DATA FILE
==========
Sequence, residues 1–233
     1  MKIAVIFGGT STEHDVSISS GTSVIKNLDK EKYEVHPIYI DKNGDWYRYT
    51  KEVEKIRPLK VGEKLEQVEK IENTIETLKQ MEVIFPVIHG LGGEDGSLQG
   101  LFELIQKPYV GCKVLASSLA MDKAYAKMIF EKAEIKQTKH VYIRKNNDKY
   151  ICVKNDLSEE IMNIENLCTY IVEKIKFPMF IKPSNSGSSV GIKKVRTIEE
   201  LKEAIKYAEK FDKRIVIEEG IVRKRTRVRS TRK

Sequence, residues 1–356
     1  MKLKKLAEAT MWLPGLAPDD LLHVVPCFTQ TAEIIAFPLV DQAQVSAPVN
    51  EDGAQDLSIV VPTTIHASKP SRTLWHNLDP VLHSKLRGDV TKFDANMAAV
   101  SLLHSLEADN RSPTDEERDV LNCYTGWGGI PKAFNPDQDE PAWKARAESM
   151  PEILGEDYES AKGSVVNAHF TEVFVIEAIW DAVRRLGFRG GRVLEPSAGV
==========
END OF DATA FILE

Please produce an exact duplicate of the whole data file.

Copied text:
Sequence, residues 1–233
     1  MKIAVIFGGT STEHDVSISS GTSVIKNLDK EKYEVHPIYI DKNGDWYRYT
    51  KEVEKIRPLK VGEKLEQVEK IENTIETLKQ MEVIFPVIHG LGGEDGSLQG
   101  LFELIQKPYV GCKVLASSLA MDKAYAKMIF EKAEIKQTKH VYIRKNNDKY
   151  ICVKNDLSEE IMNIENLCTY IVEKIKFPMF IKPSNSGSSV GIKKVRTIEE
   201  LKEAIKYAEK FDKRIVIEEG IVRKRTRVRS TRK

Sequence, residues 1–356
     1  MKLKKLAEAT MWLPGLAPDD LLHVVPCFTQ TAEIIAFPLV DQAQVSAPVN
    51  EDGAQDLSIV VPTTIHASKP SRTLWHNLDP VLHSKLRGDV TKFDANMAAV
   101  SLLHSLEADN RSPTDEERDV LNCYTGWGGI PKAFNPDQDE PAWKARAESM
   151  PEILGEDYES AKGSVVNAHF TEVFVIEAIW DAVRRLGFRG GRVLEPSAGV